My grocery stores generally sells two types of mangos. While the exact number of mango varieties  worldwide is uncertain, there are at least 500 and perhaps as many as 1,000.  Many of those grow in India. The mango is the national fruit of Pakistan, India and the Philippines. It is also the national tree of Bangladesh.

Champagne mangoes in a red bowl.
A Bowl of Champagne Mangoes

My favorite is the thin-skinned, more oblong variety I call a champagne mango (sometimes called honey mangos). They are yellow when ripened and the pit in the center is small compared to other type. The best part is that the flesh is very smooth, without fibers.

In the past, I’ve made mango pie and mango cobbler but never tried to bake a mango cake—until now. The Southern Living website published the following recipe, which I followed, baking the cake for my house guests. This recipe is a Bundt cake, but the texture resembles a moist carrot cake with golden raisins and walnuts, however without cream cheese frosting. My guests declared the dessert a winner, topping it with vanilla ice cream. Why not try it for yourself and see?  

A baked Mango Bundt Cake
My Mango Bundt Cake (Photo by Debi Lander)


If you don’t know how to cut a mango, here is a YouTube video that explains the process in great detail.

How to Cut and Dice a Mango: 

And if you are interested, here’s a link to 13 Juicy Facts about Mangoes:

Recipe for Mary’s Mango Cake from Southern Living

Mango Cake is full of fruit and nuts.
Looking inside the Mango Cake.



•       4 large eggs

•       1 cup granulated sugar

•       1/2 cup vegetable oil

•       1/2 cup honey

•       2 cups all-purpose flour

•       2 teaspoons baking powder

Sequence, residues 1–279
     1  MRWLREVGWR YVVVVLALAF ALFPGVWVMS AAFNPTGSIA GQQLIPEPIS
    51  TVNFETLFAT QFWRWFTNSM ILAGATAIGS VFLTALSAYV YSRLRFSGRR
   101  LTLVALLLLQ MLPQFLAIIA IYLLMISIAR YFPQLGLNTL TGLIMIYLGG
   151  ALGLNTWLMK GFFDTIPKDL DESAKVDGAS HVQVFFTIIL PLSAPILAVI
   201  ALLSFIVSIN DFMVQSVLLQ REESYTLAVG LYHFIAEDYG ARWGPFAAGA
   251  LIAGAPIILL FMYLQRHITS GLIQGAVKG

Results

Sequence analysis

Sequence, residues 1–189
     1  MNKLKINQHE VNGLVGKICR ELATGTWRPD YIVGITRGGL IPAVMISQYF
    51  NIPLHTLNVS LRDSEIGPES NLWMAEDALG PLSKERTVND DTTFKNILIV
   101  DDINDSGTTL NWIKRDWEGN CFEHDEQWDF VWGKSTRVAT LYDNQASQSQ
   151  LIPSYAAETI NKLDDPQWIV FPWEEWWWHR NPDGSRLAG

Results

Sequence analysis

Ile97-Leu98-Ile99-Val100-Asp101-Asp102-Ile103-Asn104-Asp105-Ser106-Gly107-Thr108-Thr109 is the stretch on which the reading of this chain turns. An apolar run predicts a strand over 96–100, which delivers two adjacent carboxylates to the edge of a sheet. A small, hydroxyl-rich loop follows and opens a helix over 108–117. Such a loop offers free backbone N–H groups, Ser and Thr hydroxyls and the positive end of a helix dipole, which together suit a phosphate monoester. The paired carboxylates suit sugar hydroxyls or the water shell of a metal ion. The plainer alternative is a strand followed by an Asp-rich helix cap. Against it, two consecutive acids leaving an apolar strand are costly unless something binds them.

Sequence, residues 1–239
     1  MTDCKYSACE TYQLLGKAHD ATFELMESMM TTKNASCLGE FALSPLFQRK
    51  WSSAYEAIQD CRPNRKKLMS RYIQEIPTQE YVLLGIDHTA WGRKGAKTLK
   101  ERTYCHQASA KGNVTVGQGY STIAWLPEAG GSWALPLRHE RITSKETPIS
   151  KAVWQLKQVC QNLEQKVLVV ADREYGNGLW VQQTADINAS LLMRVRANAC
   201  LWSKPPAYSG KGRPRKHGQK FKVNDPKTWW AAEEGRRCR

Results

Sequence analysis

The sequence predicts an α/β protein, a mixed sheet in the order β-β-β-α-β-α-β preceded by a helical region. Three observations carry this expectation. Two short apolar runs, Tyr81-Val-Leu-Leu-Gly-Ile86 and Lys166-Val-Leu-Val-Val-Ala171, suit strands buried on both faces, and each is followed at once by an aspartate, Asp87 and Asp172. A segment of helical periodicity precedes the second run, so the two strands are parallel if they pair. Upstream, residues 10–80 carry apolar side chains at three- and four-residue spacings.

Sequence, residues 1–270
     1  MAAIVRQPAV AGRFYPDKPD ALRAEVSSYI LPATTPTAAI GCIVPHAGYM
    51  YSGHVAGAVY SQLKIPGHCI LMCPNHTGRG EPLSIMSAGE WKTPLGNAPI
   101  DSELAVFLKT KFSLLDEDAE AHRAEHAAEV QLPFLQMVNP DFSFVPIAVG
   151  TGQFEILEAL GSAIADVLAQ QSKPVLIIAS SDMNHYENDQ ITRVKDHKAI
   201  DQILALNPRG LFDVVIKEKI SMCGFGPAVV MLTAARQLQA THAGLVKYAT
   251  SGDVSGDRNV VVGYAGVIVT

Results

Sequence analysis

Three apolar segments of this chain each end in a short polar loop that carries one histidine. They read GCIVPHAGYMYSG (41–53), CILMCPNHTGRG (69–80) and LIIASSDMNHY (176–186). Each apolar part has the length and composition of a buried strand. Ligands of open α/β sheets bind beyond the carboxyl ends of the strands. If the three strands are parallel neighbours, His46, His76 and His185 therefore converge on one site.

•       2 teaspoons ground cinnamon

•       1 teaspoon ground nutmeg

•       1/2 teaspoon baking soda

•       2 cups diced fresh mango (from 1 mango)

•       1 cup chopped walnuts or pecans

•       1/2 cup golden raisins

•       1 tablespoon orange zest (from 1 orange)

•       2 teaspoons lime zest (from 2 limes)


•       1/2 cup sifted powdered sugar

•       1 teaspoon orange zest plus 1⁄4 cup fresh juice (from 1 orange)

•       1/2 teaspoon lime zest plus 2 tsp. fresh juice (from 1 lime)


1.      Prepare the cake: Preheat oven to 325°F. Lightly oil and flour a 14-cup Bundt pan. Beat eggs in bowl of a stand mixer on medium speed until fluffy, 4 to 5 minutes. Beat in sugar until combined; then beat in oil until combined. Gradually beat in honey.

2.      Whisk together flour, baking powder, cinnamon, nutmeg, and baking soda in a separate bowl. Add flour mixture, ½ cup at a time, to egg mixture, beating just until blended after each addition. Stir in mango, nuts, raisins, orange zest, and lime zest. Pour batter into prepared pan.

3.      Bake in preheated oven until a wooden pick inserted in center comes out clean, 50 to 55 minutes. Remove to a wire rack, and let stand in pan 10 minutes.

4.      Prepare the Topping: While the cake stands in the pan, stir together powdered sugar, orange and lime zest, and orange and lime juice until combined. Invert cake onto a plate. Drizzle Topping evenly over warm inverted cake. (Or make a glaze, stirring together about 1 cup sifted powdered sugar and 1 tablespoon fresh orange juice; pour over cooled cake.) I think I used too much juice in my glaze because it was runny. Tasted good, however. 

5.      Serve with or without ice cream.